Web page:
Sunday, December 21, 2014

New Ukiah

Rabbiting across Highway 101 in Hopland, it looks much the same as 40 years ago. A two-lane north-south thoroughfare, lots of traffic. One basic goal: don't become roadkill.

It's a different story when you tack across the valley. Old River Road runs parallel to the highway, featuring light traffic, excellent pavement and a graceful alignment that feels like a throwback to an earlier era.

As for the river passing through, no one ever mentioned which river it was. Imagine that! We kept to the highway, and you can't see it from there. Even without a sign, I can guess. Over a mile wide, this  valley has to belong to the Russian River, largest in Sonoma County. Its watershed covers hundreds of square miles. In winter it often rages and floods, wreaking havoc downstream. In summer or years of drought, it evaporates to a trace, sometimes to nothing. Essential, temperamental, connecting every place nearby to every other: Guerneville to Healdsburg, to Ukiah. Even Dry Creek runs into it. And, of course, all of yesterday's rain.

A dozen scenic miles north, on the main drag in front of Safeway, there's work to do. Food gathering to be precise. Down goes my foot to look across the street like the guy said. In a strip mall, a Natural Foods Co-op! Aisles of scrumptious-looking things! For decades this was a scruffy, struggling, white bread town. More liquor store than co-op...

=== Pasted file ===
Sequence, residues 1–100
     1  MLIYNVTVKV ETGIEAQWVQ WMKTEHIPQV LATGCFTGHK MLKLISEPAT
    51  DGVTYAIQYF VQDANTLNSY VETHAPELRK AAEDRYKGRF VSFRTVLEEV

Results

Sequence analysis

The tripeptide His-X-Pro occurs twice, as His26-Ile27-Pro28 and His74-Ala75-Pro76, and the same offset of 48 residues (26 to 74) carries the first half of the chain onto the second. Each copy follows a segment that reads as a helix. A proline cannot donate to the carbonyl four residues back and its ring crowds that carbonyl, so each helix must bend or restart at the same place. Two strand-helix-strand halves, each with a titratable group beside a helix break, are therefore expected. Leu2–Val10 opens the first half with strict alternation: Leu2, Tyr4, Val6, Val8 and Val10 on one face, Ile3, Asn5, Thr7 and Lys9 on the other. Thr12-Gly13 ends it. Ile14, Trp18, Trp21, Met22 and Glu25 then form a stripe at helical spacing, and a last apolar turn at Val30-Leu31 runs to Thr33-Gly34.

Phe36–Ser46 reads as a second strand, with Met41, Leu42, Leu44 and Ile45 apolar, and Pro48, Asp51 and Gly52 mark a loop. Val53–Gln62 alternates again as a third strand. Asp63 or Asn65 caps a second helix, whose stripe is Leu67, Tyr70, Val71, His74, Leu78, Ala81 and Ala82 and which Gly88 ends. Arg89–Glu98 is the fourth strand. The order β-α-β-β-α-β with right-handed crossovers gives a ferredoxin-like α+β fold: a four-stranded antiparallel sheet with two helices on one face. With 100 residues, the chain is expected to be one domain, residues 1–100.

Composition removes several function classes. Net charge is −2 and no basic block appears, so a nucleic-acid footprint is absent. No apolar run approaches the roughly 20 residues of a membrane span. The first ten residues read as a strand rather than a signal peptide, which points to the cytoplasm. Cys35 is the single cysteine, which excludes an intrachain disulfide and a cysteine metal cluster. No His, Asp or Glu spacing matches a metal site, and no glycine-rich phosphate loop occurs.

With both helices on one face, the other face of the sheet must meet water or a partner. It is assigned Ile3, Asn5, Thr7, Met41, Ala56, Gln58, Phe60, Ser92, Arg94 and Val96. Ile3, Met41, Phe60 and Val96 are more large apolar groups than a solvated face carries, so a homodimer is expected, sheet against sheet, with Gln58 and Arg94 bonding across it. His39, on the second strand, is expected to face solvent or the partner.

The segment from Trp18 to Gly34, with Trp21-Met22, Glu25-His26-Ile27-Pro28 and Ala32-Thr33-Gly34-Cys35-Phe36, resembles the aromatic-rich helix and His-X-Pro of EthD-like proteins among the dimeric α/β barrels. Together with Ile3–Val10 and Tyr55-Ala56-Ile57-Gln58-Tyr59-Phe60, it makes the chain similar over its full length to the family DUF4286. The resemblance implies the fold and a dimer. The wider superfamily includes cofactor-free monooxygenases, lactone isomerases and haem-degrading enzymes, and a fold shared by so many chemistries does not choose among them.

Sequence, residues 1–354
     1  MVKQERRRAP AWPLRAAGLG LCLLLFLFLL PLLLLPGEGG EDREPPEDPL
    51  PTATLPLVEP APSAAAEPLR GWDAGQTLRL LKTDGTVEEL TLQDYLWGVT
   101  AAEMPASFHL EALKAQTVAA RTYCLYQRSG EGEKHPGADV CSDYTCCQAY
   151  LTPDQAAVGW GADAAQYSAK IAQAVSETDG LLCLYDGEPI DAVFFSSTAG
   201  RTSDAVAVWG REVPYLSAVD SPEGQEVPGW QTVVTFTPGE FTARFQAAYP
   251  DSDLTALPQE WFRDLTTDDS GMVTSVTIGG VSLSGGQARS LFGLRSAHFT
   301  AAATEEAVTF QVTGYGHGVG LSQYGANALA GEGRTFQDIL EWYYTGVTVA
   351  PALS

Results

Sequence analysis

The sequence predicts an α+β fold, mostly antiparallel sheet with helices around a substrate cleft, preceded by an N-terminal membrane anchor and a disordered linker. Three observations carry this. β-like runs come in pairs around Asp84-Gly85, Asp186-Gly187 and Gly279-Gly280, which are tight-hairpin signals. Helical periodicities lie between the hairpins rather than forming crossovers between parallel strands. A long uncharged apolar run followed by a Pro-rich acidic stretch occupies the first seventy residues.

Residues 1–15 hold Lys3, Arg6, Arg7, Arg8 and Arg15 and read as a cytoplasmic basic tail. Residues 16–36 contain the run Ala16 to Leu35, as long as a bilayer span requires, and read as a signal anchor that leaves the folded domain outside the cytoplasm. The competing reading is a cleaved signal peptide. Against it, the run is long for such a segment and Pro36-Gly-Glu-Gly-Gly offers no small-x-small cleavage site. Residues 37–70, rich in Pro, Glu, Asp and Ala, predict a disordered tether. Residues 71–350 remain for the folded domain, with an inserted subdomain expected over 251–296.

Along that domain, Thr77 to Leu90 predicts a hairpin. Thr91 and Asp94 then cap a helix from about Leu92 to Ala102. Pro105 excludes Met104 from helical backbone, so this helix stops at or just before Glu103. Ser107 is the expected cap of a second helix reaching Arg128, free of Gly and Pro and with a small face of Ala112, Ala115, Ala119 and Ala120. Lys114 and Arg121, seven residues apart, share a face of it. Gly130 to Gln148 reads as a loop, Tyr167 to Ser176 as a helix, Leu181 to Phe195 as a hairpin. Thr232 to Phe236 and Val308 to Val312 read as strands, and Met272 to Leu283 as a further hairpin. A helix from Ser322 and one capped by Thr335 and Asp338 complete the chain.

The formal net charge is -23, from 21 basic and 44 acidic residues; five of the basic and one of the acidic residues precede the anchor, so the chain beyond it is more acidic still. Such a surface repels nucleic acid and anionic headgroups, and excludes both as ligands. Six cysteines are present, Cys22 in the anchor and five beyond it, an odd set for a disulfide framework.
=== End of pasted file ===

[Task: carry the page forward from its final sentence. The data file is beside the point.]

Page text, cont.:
Cooked basmati rice, BBQ tofu from the deli, and a perfect tree of broccoli. Dehydrated lentil soup. A chocolate bar with peppermint. Pocket food for tonight and tomorrow.

The guy at the espresso bar fills my bottles, saying there's a "great view" from out there on Orr Springs Road. Yeah, it's a big climb. Even the Internet doesn't know exactly how big. It only tells me to turn left near Mendo Lumber, after the crossing under 101. From the turn, it's 12 miles.

A quiet road, the last turn of the day, flat terrain at dusk. Everything comes together in euphoria- for a couple of minutes. Then it begins, the pushing. For two miles the odometer ticks very slowly, without a break. Is that really my lowest gear? It is. Views, yes, awesome views but not reassuring: massive hills, topped with grey clouds.

After the first section, the road levels off for a couple of minutes. The lungs and lower back are grateful. Another steep section of ~2 miles, similar to the first. With ~15 pounds of stuff, in December, no regrets on the food.

Now it's dark. That animal instinct to find the den and curl up in it is strong in December. First I have to do this. The road rolls up and down, probably on a ridge. Water vapor is all around, and right down on the pavement. The headlight beam is getting swallowed by mist. It's the opposite of a view.

Cars do travel this remote road; to the houses out here, and the hot springs. Even they are moving slowly. A white fog line on the right, until there's not. A faded yellow dash roughly marking the midline, except when it's gone. The surface is worn to extreme, with many patches and bumps, rocks and gravel. I check to make sure the rear blinkie is blinking. Far too late to turn back and the room is paid for, anyway.

The road starts tending down, beginning a descent. Orr Springs lies at the bottom, somewhere, 4 miles away. I want to move the speed at which it is possible to identify and avoid road hazards. That's  approximately zero. On a bumpy hairpin when the white line disappears, I refuse to have thoughts of the cliff that must be just there, outside the beam of light.

It takes so long to get down, I'm convinced it will never end. Therefore, when my eyes pick up a winding pattern of welcoming lights along the river, beckoning here for food and warmth, like the entrance to Middle Earth it seems truly incredible.

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